An "image structure map" or ISM is a particular kind of highlevel image representation for representing a variety of types of images, including color images. An image structure map is described in detail in copending, commonly assigned U.S. patent application Ser. No. 08/581,660, which is hereby incorporated by reference for all that it teaches. An ISM is a partition data structure that accurately and explicitly represents the geometry, topology and signal properties of regions in an original image and allows for efficient and accurate spatial indexing of the image and those regions. A partition data structure is defined as a data structure that includes data indicating the vertices, region boundaries and regions of an original image, the vertices adjacent to each region boundary, and the region boundaries and vertices adjacent to each region. A partition data structure, also referred to as simply a "partition," of an original image indicates data describing both the geometric and the topological properties of the set of region boundaries of the original image. The geometric properties include the positions of the region boundaries in the image, typically specified by their endpoints, and the geometric definition of the region boundaries; the topological information indicates the incidence and adjacency of the vertices, region boundaries and regions that comprise the partition. The partition produced for a given original image is a function of the region boundaries provided as input to the partition building process; thus, an original image may be represented by different partitions, and there is no single unique partition for a given original image.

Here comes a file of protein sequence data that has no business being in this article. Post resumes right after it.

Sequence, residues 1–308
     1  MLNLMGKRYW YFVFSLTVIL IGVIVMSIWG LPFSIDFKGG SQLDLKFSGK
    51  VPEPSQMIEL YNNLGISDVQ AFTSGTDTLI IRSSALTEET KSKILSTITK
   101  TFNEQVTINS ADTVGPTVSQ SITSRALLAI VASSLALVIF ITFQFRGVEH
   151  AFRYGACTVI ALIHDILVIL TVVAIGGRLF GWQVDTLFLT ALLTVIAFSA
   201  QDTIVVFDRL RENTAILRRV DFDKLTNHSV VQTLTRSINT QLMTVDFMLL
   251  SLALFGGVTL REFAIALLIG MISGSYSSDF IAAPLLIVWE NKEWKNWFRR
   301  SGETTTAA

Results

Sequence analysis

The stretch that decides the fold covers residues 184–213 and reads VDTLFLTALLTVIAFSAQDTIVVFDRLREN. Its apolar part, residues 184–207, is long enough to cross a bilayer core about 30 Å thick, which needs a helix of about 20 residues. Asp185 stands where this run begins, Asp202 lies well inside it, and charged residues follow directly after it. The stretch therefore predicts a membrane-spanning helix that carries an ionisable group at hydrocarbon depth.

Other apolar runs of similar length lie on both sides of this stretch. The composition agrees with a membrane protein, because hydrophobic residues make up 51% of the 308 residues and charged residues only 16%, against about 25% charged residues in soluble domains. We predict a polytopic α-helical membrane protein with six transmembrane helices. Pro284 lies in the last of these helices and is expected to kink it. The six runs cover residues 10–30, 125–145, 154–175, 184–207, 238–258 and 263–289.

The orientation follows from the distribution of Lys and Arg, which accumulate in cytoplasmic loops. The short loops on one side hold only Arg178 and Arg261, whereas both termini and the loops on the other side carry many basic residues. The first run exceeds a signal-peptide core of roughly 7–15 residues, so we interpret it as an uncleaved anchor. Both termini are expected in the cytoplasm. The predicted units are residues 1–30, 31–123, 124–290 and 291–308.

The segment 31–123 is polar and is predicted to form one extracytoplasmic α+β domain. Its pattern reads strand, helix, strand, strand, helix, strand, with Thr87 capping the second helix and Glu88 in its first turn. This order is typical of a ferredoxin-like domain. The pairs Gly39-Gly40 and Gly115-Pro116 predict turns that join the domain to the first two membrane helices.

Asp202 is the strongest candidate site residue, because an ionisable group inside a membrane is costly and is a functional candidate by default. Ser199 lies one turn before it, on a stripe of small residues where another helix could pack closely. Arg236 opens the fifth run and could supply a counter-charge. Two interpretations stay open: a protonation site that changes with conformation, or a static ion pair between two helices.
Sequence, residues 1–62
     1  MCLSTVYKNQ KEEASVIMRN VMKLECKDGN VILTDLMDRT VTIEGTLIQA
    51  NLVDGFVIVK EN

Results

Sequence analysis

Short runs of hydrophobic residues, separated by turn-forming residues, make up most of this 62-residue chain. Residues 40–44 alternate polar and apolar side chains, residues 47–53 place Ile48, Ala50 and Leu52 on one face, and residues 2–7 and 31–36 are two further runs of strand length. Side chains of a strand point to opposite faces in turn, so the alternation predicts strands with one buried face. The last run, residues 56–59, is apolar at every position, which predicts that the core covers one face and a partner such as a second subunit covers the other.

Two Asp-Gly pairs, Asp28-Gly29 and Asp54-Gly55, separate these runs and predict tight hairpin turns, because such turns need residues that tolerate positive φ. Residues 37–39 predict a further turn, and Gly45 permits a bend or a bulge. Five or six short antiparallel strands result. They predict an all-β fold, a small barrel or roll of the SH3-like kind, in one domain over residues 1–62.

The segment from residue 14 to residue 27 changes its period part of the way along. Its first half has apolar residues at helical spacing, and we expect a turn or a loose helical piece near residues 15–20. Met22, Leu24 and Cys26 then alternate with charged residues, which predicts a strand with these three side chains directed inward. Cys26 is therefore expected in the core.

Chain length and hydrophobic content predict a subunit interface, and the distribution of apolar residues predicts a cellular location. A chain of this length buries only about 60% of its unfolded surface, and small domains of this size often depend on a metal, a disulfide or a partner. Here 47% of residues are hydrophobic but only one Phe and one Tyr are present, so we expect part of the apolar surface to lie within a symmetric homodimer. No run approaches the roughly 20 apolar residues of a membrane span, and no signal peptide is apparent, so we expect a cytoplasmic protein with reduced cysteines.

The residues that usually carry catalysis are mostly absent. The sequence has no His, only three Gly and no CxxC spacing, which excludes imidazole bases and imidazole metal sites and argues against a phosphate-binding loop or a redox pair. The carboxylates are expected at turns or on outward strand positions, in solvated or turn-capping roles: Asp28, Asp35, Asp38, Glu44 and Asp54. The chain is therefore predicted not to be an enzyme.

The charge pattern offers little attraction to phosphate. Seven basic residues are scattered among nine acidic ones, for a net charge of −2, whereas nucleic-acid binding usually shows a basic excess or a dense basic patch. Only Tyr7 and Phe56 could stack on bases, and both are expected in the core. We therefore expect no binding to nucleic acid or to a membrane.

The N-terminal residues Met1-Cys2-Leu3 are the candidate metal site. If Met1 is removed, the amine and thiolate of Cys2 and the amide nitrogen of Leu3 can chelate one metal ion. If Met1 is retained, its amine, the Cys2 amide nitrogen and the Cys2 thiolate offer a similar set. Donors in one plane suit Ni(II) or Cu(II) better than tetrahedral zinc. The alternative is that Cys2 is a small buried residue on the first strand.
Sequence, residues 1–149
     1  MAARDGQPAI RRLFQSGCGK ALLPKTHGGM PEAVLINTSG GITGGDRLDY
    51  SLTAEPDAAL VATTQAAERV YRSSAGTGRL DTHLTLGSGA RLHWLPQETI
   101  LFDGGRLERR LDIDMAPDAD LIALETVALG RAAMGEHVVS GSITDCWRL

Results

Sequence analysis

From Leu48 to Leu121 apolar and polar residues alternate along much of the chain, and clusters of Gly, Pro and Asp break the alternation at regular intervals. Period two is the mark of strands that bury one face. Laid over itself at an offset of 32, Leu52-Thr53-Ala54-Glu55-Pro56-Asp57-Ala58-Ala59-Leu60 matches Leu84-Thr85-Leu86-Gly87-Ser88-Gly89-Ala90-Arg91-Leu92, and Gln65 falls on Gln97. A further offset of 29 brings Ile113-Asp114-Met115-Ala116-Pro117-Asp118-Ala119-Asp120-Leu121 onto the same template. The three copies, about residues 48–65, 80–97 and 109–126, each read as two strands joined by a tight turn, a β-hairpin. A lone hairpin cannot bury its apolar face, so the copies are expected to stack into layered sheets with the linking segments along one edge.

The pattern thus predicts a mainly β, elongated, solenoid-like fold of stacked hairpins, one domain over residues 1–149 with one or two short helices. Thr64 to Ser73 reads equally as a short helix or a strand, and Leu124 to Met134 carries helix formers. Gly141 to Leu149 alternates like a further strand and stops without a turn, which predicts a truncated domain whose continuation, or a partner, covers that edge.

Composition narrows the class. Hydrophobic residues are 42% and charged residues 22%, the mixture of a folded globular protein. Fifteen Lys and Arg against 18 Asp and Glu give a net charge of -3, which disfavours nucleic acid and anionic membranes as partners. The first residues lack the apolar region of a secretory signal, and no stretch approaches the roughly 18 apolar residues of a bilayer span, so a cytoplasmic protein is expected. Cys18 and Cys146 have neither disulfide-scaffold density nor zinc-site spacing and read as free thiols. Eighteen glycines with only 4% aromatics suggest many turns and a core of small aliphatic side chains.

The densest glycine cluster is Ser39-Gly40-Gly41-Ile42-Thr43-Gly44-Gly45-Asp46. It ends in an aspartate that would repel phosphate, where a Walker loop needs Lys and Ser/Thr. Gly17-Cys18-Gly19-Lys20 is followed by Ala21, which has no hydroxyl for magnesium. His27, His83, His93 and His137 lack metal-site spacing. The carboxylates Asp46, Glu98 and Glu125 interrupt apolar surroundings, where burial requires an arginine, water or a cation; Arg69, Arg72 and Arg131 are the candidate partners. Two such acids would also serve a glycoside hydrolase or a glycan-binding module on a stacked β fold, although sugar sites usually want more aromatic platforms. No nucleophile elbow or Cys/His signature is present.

The image structure map representation is dynamically produced from an input image using a dynamic, incremental planar partition operation that partitions the input image into regions according to a function of a smoothly varying property of the region and using input image region boundary data that may be a combination of automatic image segmentation input and usersupplied image segmentation input. The incremental nature of the operation that produces the image structure map means that the partition of the image into regions is built by adding one region boundary at a time into the data structure; the dynamic nature of the operation that produces the image structure map means that the partition of the image is built without a priori knowledge of all the region boundary data items that are eventually to be included in the partition, and that both the region structures as well as the signal property descriptors for the regions can be altered or edited at any time.